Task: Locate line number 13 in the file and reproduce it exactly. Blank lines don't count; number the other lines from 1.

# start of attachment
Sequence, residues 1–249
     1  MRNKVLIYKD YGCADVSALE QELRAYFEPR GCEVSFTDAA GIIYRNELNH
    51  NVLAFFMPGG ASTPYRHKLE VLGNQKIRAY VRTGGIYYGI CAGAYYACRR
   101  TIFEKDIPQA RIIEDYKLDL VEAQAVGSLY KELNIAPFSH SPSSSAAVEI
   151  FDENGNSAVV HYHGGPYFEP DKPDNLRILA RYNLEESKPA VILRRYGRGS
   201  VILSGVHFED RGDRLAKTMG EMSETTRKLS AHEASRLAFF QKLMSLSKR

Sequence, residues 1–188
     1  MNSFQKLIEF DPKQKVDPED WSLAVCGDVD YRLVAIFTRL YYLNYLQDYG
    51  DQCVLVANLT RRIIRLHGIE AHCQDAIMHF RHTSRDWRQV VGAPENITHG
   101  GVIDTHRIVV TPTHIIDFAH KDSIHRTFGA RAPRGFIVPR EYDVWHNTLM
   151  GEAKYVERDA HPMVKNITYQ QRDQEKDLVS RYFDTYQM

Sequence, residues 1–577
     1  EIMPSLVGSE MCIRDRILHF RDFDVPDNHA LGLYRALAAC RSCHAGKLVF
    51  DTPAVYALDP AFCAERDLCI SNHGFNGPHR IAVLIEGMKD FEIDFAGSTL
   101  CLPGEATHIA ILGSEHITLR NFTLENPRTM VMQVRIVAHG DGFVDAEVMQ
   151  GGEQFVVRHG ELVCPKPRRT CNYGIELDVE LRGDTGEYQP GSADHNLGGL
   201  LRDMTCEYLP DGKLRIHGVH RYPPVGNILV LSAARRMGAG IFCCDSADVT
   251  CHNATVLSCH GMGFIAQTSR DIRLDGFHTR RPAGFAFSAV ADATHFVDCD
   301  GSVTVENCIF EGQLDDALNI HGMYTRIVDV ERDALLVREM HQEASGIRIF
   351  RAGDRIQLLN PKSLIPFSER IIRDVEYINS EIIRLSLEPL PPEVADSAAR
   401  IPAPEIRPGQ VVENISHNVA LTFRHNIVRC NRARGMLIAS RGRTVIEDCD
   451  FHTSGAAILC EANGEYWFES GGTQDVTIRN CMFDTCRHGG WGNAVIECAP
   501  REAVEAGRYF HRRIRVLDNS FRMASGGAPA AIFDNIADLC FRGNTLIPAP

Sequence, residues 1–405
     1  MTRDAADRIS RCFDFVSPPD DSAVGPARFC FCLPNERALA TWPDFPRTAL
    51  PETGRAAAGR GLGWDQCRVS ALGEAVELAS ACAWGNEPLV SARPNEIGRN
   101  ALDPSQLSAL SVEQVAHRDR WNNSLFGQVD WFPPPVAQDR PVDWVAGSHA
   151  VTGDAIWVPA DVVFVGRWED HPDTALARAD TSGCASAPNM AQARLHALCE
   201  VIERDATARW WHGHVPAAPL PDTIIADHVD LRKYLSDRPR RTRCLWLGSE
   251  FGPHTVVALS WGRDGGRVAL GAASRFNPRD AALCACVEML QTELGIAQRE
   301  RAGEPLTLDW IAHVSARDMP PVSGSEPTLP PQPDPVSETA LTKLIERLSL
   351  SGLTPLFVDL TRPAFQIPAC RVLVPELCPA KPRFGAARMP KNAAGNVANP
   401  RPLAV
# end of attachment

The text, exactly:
     1  EIMPSLVGSE MCIRDRILHF RDFDVPDNHA LGLYRALAAC RSCHAGKLVF